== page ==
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The Top 10% is Doing Just Fine, the Middle Class is Dying on the Vine

4 February 2021

OF TWO MINDS — Please study these charts as a means of understanding the inevitability of economic stagnation and a revolt of the decapitalized middle class.

I’ve been covering the decline of America’s middle class for over a decade with charts, data and commentary on the social depression that has accompanied the decline.

While there are many mutually reinforcing dynamics in this 45-year decline — demographics, global energy costs, financialization and globalization, to name a few — one term describes the accelerating erosion of America’s middle class: decapitalization.

To understand decapitalization, we need to start with the fundamentals of any economy between labor (wages) and capital and between investment and speculation.

Although it’s tempting to oversimplify and demonize one or the other of these basics (speculators bad! etc.), they each provide an essential role in a healthy economy, one which is in dynamic equilibrium, a state analogous to a healthy ecosystem with constantly changing interactions of numerous species, individuals and inputs (weather, etc.). This variability enables the order of fluctuations (to use Ilya Prigogine’s profound phrase), a dynamic stability / equilibrium.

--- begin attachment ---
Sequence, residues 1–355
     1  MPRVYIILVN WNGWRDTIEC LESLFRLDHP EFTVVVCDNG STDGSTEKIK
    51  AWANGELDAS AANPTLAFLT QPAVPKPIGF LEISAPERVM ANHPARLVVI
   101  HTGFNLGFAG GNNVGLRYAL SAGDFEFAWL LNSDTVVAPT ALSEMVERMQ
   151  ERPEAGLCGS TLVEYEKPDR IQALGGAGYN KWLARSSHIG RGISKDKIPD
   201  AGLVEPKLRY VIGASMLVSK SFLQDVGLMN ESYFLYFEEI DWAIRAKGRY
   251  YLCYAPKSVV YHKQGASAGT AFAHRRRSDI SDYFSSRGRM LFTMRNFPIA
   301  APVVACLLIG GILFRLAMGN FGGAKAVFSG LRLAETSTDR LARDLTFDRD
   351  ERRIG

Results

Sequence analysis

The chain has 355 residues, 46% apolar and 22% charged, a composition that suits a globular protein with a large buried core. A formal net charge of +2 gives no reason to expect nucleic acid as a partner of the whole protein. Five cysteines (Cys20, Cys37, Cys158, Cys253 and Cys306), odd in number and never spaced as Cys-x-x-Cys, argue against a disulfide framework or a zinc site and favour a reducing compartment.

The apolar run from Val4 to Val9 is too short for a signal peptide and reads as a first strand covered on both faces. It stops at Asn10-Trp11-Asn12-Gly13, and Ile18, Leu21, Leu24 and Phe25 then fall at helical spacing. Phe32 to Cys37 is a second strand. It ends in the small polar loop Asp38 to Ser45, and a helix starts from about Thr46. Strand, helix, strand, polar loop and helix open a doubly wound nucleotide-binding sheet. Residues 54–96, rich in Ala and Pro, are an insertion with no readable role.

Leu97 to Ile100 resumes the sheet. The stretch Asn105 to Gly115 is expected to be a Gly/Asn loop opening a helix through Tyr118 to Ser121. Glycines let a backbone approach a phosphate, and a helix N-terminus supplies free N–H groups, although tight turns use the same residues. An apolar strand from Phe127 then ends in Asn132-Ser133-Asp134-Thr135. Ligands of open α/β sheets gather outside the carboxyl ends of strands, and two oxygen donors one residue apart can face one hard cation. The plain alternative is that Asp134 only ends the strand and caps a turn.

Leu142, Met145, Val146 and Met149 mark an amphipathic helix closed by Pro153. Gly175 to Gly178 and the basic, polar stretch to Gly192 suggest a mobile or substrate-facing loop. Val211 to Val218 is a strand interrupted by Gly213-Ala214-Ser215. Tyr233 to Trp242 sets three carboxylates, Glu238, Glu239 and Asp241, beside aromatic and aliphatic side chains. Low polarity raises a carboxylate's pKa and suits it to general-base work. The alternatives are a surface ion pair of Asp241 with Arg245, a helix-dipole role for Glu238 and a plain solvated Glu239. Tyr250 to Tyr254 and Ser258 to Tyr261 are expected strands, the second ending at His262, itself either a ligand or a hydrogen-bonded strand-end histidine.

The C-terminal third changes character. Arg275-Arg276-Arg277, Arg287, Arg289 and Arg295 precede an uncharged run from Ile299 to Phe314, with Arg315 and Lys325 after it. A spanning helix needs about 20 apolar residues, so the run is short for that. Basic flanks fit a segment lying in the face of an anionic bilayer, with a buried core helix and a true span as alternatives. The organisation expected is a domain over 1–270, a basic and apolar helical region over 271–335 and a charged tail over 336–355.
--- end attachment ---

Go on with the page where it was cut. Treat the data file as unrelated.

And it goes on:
If labor’s share of the economy drops too low, the workforce cannot consume enough to support their households and the economy as a whole. If capital can no longer earn an attractive return, investment dries up and production stagnates. If speculators are not allowed to take on risk, liquidity dries up and risk crushes investment. But if speculation becomes the foundation of the economy’s “growth,” then the inevitable collapse of speculative bubbles will crash the economy. […]

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